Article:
Theoretical physicist at Cal Tech, Sean Carroll, discussed why he believes the discovery of the Higgs boson is perhaps the greatest breakthrough in our understanding of the universe since the splitting of the atom, and how it is launching particle physics on a new era of discovery. "What really matters to us is not the Higgs boson, but something called the Higgs field that fills space...the bosons that we detect as particles are just little vibrations in that field," he explained. By detecting a Higgs-like boson through experiments at the Large Hadron Collider at CERN, we were able to demonstrate the existence of the Higgs field, he reported. The search for such a particle has been going on for decades, Carroll noted, and its discovery was a cause for celebration in the physics community.
While the Higgs discovery doesn't particularly lead to new technological applications, its significance has to do with understanding how the particles that form our existence work together, he pointed out. "If it weren't for the Higgs, electrons would be massless; they'd be like photons moving at the speed of light-- they wouldn't stick together in atoms...there wouldn't be planets or stars, there would not be you and me," he continued. For more on the Higgs discovery, check out this video clip Sean sent us.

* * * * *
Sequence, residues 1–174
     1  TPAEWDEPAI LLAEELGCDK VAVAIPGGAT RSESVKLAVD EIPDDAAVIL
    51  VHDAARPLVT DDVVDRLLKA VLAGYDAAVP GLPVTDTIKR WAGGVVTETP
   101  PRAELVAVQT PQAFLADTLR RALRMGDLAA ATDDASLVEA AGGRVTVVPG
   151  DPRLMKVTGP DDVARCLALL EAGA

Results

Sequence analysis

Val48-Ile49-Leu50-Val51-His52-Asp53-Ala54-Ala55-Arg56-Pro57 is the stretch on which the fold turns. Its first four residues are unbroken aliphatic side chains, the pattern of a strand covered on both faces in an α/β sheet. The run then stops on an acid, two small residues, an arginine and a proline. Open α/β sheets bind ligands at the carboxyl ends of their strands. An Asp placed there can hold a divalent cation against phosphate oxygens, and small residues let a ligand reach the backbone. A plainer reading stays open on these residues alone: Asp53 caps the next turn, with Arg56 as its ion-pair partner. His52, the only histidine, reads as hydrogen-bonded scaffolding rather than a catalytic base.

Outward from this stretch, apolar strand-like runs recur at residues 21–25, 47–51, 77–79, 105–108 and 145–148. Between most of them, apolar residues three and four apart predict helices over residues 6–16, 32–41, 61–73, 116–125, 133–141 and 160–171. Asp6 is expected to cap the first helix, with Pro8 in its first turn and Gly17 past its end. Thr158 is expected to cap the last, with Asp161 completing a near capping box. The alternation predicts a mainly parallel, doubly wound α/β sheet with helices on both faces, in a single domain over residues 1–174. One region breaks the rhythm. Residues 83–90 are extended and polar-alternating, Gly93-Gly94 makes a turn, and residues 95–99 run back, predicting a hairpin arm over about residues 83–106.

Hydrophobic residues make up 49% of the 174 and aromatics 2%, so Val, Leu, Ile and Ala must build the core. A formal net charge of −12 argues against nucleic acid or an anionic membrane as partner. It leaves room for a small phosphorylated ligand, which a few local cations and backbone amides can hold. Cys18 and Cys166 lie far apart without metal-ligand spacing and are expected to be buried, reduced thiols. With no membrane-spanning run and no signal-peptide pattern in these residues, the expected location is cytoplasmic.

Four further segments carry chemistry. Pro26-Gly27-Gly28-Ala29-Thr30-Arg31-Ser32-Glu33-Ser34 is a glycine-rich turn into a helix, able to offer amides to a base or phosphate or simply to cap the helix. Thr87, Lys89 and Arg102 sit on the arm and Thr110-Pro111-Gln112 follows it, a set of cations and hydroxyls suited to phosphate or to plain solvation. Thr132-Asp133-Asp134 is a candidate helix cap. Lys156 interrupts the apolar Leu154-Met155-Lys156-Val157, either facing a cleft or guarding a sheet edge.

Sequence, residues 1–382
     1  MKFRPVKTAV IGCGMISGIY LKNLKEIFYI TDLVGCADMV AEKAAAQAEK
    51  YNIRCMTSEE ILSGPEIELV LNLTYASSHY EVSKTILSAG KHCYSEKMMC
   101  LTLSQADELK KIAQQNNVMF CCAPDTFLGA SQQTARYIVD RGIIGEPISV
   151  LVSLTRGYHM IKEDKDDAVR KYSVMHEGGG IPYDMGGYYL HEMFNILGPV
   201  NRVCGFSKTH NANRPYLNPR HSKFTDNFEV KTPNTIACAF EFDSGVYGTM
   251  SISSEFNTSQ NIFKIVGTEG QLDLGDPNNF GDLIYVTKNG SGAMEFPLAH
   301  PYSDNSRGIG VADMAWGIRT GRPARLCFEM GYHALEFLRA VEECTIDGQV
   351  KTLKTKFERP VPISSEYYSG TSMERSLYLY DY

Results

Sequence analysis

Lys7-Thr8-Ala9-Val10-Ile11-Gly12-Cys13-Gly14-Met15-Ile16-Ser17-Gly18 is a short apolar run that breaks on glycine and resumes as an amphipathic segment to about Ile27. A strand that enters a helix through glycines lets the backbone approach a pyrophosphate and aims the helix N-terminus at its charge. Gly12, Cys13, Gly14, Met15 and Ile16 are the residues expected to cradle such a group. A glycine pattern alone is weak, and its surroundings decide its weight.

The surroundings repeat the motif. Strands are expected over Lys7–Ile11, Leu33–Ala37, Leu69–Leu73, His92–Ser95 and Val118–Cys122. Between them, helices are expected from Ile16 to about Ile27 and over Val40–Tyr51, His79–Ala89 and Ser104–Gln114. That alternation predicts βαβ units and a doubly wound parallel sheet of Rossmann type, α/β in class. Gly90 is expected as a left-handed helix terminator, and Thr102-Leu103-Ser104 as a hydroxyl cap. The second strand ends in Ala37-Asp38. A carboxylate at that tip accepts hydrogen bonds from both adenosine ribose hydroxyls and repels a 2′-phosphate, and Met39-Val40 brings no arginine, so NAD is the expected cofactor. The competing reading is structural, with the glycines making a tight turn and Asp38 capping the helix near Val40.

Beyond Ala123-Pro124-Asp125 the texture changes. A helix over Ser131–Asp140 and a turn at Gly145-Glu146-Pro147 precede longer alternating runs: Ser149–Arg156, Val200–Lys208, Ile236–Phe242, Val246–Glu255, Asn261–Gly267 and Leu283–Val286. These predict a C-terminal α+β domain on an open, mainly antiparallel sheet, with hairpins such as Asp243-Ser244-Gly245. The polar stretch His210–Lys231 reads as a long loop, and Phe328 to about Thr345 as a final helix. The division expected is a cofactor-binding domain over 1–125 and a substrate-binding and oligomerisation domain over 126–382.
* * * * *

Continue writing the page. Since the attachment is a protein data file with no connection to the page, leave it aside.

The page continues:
Carroll cited dark matter as the next big target after the Higgs boson. We've detected its gravitational field, and can see its effect on light traveling through the universe, and various stars. Dark matter is clearly exerting a force, but we don't know what it is yet, he said. Carroll also shared his theory that our universe may have been born out of larger universe, and touched on such topics as black holes, string theory, and hidden additional dimensions that might affect particle physics.
First hour guest, WND columnist Drew Zahn talked about his report that citizens in some US states have been signing petitions to secede from the union. The online petitions, via the White House's We the People website, have spread across 30 states, and so far have received some 60,000 signatures in Texas, and 27,000 in Louisiana. While the petitions may not rock Washington, they represent a growing number of citizens who are dissatisfied with the federal government, and could become more active in their protestations, Zahn commented.
News segment guest: Lauren Weinstein